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Jews in the Russian Empire

Alexander II - A Brief Spring


The banker Baron
Horace Ginzburg...



The Great Synagogue
of St. Petersburg...



The "Jews Walk" in Odessa...



"Football in the Jews' Market..."



The family of Jozef and Dora Hirszowicz...



A prayer service...


THE REIGN OF ALEXANDER II brings fundamental changes for the Russian society at large, notably the emancipation of the serfs in 1861. For Russian Jews, it marks a period of great expectations now that the most oppressive measures are relaxed. On the first anniversary of Alexander's coronation the hated Cantonist system is repealed. Bit by bit, small groups of Jews considered "useful" are allowed to settle outside the Pale: merchants, medical doctors and artisans.

The Jewish communities of St. Petersburg, Moscow and Odessa grow rapidly, and Jews start to participate in the intellectual and cultural life. The industrial development of the 1860s, following the disastrous Crimean War, creates opportunities for a small group of Jewish entrepreneurs, particularly in banking and the export trade, in mining and in the construction of railroads.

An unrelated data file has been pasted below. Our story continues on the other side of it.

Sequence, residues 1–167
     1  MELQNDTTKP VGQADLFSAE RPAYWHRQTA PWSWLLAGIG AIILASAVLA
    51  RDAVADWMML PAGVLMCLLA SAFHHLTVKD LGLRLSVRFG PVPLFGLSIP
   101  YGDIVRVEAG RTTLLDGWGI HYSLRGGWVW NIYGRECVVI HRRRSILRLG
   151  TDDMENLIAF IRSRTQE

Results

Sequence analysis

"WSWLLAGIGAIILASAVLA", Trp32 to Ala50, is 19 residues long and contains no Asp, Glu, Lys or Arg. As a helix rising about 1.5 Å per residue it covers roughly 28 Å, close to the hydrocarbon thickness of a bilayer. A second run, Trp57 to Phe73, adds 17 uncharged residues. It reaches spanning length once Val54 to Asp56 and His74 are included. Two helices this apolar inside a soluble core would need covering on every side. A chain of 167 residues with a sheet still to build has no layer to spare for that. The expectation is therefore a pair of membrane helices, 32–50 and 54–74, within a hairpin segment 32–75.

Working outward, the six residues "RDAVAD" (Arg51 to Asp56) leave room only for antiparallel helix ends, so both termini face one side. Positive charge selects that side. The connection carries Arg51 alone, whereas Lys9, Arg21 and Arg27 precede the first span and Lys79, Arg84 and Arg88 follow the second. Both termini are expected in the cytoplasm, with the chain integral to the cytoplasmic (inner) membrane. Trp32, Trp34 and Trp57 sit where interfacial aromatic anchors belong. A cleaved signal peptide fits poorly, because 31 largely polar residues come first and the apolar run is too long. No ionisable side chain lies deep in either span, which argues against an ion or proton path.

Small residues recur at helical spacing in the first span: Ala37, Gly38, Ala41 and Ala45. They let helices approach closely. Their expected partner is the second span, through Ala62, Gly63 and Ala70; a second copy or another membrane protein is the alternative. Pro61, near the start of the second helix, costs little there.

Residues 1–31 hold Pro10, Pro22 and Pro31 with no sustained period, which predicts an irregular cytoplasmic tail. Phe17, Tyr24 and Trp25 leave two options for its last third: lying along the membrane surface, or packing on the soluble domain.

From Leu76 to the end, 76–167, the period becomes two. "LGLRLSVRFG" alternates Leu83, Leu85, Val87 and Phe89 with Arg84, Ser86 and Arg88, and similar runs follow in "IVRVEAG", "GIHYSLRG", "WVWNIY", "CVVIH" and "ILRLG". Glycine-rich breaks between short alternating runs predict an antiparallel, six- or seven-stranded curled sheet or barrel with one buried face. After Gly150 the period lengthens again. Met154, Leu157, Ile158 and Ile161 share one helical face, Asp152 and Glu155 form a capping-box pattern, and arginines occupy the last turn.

But the sudden appearance of Jewish lawyers, journalists and entrepreneurs causes a sharp reaction. After the suppression of the Polish uprising in 1863, the position of all minorities in Russia is weakened, and the movement for Jewish emancipation suffers a serious setback. Anti-Semitic agitation, expressed in newspapers like Novoye Vremya, increases after a wave of Slavophile nationalism in the 1870s. Jews are accused of forming "a state within the state" and seen as aliens trying to dominate Russia. Even the old myth of the Blood Libel, outlawed by Alexander I in 1817, is brought to life again in Kutais in 1878.



Three generations of
the Szabad family...



Ha Melits ("The Advocate")...


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